The app was evolving from a dating app to a community space

“I wanted [Lex] to be this very special fun community bulletin board where people could ask for book clubs and also a fisting bottom, you know?” Eliot said. “But it felt like it was weirdly hostile to trans folks.”

When I complained on Twitter about my lack of options, I got several people suggesting that I try Feeld, which markets itself as an app specifically for people looking for casual and group sex (in addition to nonmonogamy)

Then, at the end of January, Lex announced a massive rebrand . When I reached out for comment, Lex responded that it surveyed the app’s users and found that “ the majority of them were wanting a platform to find queer friends and community in their area” and “the rebrand represents this evolution.” That said, “we encourage Lexers looking for dates and hookups to continue horny posting on Lex!”

But casual users might be surprised by that. After all, the app announced its rebrand on social media with a “how it started”/“how it’s going” side-by-side. On the “how it started” side were On Our Backs personals seeking kinky sex. On the “how it’s going” side was a Lex post for a T4T tea party. The choice to position itself as moving away from explicit sex-seeking ads sends a message, whether Lex intends it to or not.

In the hundreds of studies that Gieseking reviewed that looked at lesbian, bisexual, queer, trans, and sapphic experiences on dating apps, they found that the studies overwhelmingly tended to focus on or assume that the participants they are studying are cisgender

“I have had some good hookups from [Lex] and a nine-month relationship,” Tyra said. “But still, it’s so blah. It feels so fucking centrist.”

I signed up for the app and was greeted by an array of options for my gender and sexuality – off to a good start. I then could choose what kinds of connections I was looking for. I selected several, including “threesomes.” It asked me to narrow the kinds of threesomes I was looking for down even further, giving me the options “MMF,” “FFM,” “FFF,” and “MMM.”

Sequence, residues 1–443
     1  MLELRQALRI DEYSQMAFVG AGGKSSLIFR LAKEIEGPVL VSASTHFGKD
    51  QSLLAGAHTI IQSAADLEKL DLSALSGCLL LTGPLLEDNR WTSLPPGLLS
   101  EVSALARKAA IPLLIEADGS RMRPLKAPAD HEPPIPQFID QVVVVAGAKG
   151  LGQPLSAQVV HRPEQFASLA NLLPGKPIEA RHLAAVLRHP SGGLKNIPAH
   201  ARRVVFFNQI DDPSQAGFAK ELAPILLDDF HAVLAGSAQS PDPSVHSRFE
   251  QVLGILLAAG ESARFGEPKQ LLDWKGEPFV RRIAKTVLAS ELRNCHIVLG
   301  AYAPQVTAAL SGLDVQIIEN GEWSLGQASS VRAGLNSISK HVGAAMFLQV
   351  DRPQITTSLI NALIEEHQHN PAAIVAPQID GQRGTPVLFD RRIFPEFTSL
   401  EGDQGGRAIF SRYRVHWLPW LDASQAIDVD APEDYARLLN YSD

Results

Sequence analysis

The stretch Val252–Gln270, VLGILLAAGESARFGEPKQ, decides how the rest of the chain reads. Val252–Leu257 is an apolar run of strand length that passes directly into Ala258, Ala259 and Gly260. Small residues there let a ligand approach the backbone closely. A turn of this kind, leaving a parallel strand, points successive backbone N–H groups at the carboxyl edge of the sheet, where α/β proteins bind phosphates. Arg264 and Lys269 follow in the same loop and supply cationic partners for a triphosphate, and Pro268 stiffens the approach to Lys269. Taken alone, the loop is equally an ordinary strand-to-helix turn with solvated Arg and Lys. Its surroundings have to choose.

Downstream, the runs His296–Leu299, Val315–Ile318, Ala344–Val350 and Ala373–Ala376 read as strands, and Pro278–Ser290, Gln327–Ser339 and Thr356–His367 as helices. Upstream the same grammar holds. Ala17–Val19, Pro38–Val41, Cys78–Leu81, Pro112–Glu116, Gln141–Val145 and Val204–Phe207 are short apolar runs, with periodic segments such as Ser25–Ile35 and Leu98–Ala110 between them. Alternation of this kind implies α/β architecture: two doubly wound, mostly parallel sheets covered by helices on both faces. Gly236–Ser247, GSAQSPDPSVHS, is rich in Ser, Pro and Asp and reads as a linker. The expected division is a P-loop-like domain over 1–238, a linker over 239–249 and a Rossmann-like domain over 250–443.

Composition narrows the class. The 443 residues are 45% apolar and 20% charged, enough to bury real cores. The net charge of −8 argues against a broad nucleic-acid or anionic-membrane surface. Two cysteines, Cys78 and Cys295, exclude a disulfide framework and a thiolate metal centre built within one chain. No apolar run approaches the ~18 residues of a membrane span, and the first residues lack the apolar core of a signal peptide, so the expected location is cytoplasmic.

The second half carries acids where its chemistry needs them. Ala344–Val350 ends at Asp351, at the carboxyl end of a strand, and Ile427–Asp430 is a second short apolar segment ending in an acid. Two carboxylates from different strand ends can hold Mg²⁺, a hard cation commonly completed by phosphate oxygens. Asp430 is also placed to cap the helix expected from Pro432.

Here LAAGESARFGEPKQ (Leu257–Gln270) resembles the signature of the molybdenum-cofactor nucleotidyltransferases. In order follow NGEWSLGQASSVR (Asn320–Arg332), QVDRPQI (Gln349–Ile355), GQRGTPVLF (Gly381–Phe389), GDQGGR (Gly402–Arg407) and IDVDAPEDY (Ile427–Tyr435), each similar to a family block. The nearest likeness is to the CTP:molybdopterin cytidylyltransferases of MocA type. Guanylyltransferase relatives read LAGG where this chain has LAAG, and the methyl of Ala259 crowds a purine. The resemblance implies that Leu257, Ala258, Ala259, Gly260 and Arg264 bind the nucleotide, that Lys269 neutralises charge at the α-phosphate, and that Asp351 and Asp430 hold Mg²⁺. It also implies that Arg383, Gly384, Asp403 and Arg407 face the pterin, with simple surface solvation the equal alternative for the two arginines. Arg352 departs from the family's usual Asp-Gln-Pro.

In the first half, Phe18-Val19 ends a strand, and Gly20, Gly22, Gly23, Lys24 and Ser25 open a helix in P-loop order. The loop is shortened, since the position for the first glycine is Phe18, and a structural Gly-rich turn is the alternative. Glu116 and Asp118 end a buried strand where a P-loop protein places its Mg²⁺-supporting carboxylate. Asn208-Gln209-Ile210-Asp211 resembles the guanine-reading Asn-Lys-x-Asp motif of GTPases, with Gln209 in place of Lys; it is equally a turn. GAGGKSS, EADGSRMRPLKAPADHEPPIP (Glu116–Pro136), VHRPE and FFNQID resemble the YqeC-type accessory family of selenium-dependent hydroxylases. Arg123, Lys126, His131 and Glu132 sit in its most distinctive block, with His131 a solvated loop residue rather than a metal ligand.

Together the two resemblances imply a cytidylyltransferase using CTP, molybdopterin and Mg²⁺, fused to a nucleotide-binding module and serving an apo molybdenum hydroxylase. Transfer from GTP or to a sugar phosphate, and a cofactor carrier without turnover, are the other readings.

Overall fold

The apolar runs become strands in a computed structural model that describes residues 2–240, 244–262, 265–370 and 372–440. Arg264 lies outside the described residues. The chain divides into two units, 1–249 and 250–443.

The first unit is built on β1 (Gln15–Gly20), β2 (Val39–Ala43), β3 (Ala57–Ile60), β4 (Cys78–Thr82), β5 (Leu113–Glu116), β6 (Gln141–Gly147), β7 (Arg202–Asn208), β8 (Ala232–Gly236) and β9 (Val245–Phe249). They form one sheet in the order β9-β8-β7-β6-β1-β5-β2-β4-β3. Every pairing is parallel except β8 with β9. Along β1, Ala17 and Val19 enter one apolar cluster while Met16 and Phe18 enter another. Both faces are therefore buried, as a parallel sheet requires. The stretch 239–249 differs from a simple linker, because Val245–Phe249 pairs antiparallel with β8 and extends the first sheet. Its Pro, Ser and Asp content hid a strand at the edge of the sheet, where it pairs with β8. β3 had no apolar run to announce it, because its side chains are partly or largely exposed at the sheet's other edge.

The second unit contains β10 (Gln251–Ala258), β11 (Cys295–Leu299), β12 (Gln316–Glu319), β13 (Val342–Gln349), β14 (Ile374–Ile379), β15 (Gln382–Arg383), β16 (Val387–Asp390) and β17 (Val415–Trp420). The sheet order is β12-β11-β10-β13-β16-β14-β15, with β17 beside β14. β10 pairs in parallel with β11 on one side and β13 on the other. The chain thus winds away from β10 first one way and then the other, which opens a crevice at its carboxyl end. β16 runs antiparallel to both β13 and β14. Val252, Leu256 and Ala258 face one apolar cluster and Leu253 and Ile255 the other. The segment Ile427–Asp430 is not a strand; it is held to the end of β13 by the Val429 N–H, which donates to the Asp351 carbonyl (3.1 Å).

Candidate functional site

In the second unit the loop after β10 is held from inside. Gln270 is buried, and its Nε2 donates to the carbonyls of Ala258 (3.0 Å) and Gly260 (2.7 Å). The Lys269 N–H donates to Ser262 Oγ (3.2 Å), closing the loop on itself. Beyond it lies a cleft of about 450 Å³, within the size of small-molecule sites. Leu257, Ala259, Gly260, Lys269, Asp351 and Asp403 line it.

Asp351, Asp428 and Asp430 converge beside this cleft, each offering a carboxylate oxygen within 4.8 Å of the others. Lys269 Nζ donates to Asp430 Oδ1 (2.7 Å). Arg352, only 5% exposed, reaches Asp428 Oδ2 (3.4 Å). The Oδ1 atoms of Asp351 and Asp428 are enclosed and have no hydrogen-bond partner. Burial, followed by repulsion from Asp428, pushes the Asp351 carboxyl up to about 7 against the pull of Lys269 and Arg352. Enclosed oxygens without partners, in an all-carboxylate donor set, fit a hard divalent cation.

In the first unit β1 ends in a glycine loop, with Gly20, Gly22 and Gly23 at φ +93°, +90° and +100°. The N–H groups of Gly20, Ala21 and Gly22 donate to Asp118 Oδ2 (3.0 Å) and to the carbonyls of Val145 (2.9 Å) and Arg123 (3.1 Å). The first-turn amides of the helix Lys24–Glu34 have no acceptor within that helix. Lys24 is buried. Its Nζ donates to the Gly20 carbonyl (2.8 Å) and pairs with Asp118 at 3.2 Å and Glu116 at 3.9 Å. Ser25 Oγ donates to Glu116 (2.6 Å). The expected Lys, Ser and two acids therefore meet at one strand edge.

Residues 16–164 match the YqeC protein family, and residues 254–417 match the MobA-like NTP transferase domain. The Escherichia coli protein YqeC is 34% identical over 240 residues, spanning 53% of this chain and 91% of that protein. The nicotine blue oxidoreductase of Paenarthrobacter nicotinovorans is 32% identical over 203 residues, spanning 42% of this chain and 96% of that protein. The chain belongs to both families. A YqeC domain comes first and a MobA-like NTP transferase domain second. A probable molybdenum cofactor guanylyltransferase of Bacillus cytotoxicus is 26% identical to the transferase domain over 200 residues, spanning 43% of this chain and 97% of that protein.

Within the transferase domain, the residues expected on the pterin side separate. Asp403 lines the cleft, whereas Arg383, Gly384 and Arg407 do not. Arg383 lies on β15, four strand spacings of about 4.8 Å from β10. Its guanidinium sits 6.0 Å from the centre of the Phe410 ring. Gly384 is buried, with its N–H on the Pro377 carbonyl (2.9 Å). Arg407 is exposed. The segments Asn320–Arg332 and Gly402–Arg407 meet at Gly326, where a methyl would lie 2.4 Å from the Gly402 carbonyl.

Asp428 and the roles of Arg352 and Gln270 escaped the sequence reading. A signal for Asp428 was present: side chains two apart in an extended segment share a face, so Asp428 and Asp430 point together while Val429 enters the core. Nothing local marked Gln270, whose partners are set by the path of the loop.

At that point, I closed the app. None of those gender markers fit my identity as a nonbinary person, meaning I didn’t exist in the options at all. I also don’t sleep with cis people, so even though my partner is a man, he is trans, which is an important distinction for me. Where was the “T4T” option?

“Feeld offers the option of the ‘threeway’ tag, which serves trans or nonbinary individuals, or those seeking gender combinations not offered in the pre-set options,” Julia van der Laan, a spokesperson for Feeld, said. But that still doesn’t allow trans users to narrow their preferences down in the same way that cis people can. She also volunteered several other workarounds which included filtering search criteria and being open about preferences in your bio on the app.

There have been positive steps recently. “Because people have fought from without and within these apps” to push for change, Gieseking said. Grindr recognised the issues trans people were having on its app, which Tyra summed up as: “hostile to trans women in search of trans women, unsolicited dick pics and straight-up hate messages from cis gay men, and chasers aplenty.” In response, Grindr commissioned a pretty impressive whitepaper rethinking trans presence on the app.

That was spearheaded by Grindr’s senior director of customer experience, Alice Hunsberger. Hunsberger has spoken about her own trans family member, which means “that [work] was fuelled by someone who personally cared about Costo de la esposa del pedido por correo italian trans people in their lives,” Gieseking said. “I don’t know of many trans people who work in the industry.”

That’s why Gieseking launched their survey. Studies looking at – or even explicitly including – trans experiences are few and far between, if they exist at all.